Tentmaker Reports

Montenegro Report

Entrepreneurial Missions Index


General Information


631,490 (155th most populous country in the world)



Steelmaking, aluminum, agricultural processing, consumer goods, tourism

Unless otherwise noted, all information included here was obtained from the World Factbook project 4, conducted by the Central Intelligence Agency (CIA). For more detailed information about Montenegro, visit https://www.cia.gov/library/publications/the-world-factbook/geos/me.html.

Business Information

The World Bank ranks Montenegro as 56 out of 183 economies in terms of ease of doing business. The country ranks as 0 (of 183) in terms of ease of starting a business.

It requires 0 procedures, takes 0 days, and costs N/A% of income per capita to start a business in Montenegro.

In order to start a business in Montenegro, one must follow these procedures:

  1. Certify the company’s founding agreements
  2. Register company name and company documents with the Company Registry
  3. Make a company seal
  4. Obtain statistical number of the company
  5. Obtain general tax registration number
  6. Obtain VAT number
  7. Open a bank account
  8. Municipal license
  9. Register with the Employment Bureau
  10. Register with health fund
  11. Register with pension fund
  12. Register company with Chamber of Commerce

Unless otherwise noted, all information included here was obtained from the Doing Business project 3, conducted by the World Bank. For more detailed information about starting a business in Montenegro, visit http://www.doingbusiness.org/.



Montenegro Economic Freedom

The annual survey Economic Freedom of the World is an indicator produced by the Fraser Institute, a libertarian think tank which attempts to measure the degree of economic freedom in the world's nations. Economic Freedom of the World index has been more widely used than any other measure of economic freedom, because of its coverage of a longer time period

Their measure of economic freedom is based on that the following standards:

  • Personal choice rather than collective choice,
  • Voluntary exchange coordinated by markets rather than allocation via the political process,
  • Freedom to enter and compete in markets, and
  • Protection of persons and their property from aggression by others.

A state will rate high when it focuses on protection of people and their property from the actions of aggressors, enforcement of contracts, and provision of the limited set of public goods like roads, flood control projects, and money of stable value and little else, but a country’s rating on the EFW summary index will fall as government expenditures increase and regulations expand.   

1A General government consumption spending as a percentage of total consumption 5.4
Area 1-A Data 21.7
1B Transfers and subsidies as a percentage of GDP 0
Area 1-B Data 0
1C Government enterprises and investment 4
Area 1-C Data 31.2
1Di Top marginal income tax rate 10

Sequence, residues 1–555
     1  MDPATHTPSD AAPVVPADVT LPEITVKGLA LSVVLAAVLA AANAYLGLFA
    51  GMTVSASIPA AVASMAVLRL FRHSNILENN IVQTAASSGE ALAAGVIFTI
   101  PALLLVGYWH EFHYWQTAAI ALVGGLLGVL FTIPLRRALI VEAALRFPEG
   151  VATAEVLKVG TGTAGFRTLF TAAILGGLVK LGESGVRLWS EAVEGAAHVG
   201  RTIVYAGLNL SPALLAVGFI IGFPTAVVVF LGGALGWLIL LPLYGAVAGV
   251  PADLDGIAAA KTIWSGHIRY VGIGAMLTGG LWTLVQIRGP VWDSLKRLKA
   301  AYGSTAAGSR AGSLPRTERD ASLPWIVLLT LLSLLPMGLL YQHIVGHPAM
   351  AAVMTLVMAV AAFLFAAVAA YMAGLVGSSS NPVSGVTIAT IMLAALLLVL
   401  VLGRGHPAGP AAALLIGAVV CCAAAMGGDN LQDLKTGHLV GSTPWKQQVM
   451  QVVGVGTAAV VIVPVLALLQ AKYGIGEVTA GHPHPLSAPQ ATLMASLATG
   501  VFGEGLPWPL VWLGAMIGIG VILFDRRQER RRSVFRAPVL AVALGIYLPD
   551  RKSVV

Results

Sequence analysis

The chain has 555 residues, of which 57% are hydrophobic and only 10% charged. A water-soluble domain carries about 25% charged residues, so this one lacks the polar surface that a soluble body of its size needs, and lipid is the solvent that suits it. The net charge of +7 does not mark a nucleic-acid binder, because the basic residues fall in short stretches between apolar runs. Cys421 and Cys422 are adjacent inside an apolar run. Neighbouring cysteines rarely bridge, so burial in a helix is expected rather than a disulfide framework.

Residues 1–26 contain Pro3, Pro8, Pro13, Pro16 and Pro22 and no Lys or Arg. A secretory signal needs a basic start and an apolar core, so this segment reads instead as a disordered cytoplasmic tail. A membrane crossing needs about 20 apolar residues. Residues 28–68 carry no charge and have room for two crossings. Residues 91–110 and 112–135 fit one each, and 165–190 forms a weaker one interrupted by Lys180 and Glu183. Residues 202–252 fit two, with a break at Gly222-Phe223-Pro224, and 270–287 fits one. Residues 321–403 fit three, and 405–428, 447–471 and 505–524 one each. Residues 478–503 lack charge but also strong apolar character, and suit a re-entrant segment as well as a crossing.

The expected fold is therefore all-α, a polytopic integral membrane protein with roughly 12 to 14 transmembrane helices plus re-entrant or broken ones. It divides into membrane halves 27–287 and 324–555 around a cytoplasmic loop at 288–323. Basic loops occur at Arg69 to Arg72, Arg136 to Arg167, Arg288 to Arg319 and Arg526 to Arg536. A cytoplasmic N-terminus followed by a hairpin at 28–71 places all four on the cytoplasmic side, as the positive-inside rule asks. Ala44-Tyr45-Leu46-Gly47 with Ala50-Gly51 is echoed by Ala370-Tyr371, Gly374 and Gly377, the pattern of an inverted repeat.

Area 1-Di Data 17
1Dii Top marginal income and payroll tax rates 3
Area 1-Dii Data 46
1D Top marginal tax rate 7
1 Size of Government: Expenditures, Taxes, and Enterprises 5.5
2A Judicial independence (GCR) 4
2B Impartial courts (GCR) 4.3
2C Protection of property rights (GCR) 6.2
2D Military interference in rule of law and the political process (CRG) 5.6
2E Integrity of the legal system (CRG) 5.8
2F Legal enforcement of contracts (DB) 4.8
2G Regulatory restrictions on the sale of real property (DB) 7.3
2 Legal Structure and Security of Property Rights 5.4
3A Money growth 6.4
Area 3-A Data 18
3B Standard deviation of inflation 9.2
Area 3-B Data 1.88
3C Inflation: Most recent year 8.6
Area 3-C Data 6.77
3D Freedom to own foreign currency bank accounts 5
3 Access to Sound Money 7.3
4Ai Revenues from trade taxes (% of trade sector) 7.8
Area 4-A(i) Data 3.3
4Aii Mean tariff rate 9
Area 4-A(ii) Data 5
4Aiii Standard deviation of tariff rates 7.4
Area 4-A(iii) Data 6.6
4A Taxes on international trade 8.1
4Bi Non-tariff trade barriers (GCR) 6.3
4Bii Compliance cost of importing and exporting (DB) 7.5
4B Regulatory Trade Barriers 6.9
4C Size of the trade sector relative to expected 4.2
4D Black-market exchange rates 10
4Ei Foreign ownership/investment restrictions (GCR) 7.3
4Eii Capital Controls 8.5
4E International Capital Market Controls 7.9
4 Freedom to Trade Internationally 7.4
5Ai Ownership of banks 10
5Aii Foreign bank competition 0
5Aiii Private sector credit 9.7
5Aiv Interest rate controls/negative real interest rates 10
5A Credit Market Regulations 9.9
5Bi Minimum wage (DB) 8.7
5Bii Hiring and firing regulations (GCR) 4.3
5Biii Centralized collective bargaining (GCR) 6.7
5Biv Mandated cost of hiring (DB) 4.5
5Bv Mandated cost of worker dismissal (DB) 6.4
5Bvi Conscription 10
5B Labor Market Regulations 6.8
5Ci Price controls 2
5Cii Administrative requirements (GCR) 3.3
5Ciii Bureaucracy costs (GCR) 5.9
5Civ Starting a business (DB) 9.3
5Cv Extra payments/bribes (GCR) 5.4
5Cvi Licensing restrictions (DB) 4.5
5Cvii Cost of tax compliance (DB) 5.8
5C Business Regulations 5.2
5 Regulation of Credit, Labor, and Business 7.3
Rank c 81

Montenegro Summary


1 World Economic Forum

2 Free the World
Gwartney, James and Robert Lawson with Herbert Grubel, Jakob de Haan, Jan-Egbert Sturm, and Eelco Zandberg (2009). Economic Freedom of the World: 2009 Annual Report. Vancouver, BC: The Fraser Institute. Data retrieved from www.freetheworld.com.

3 World Bank Data

4 World Factbook Project

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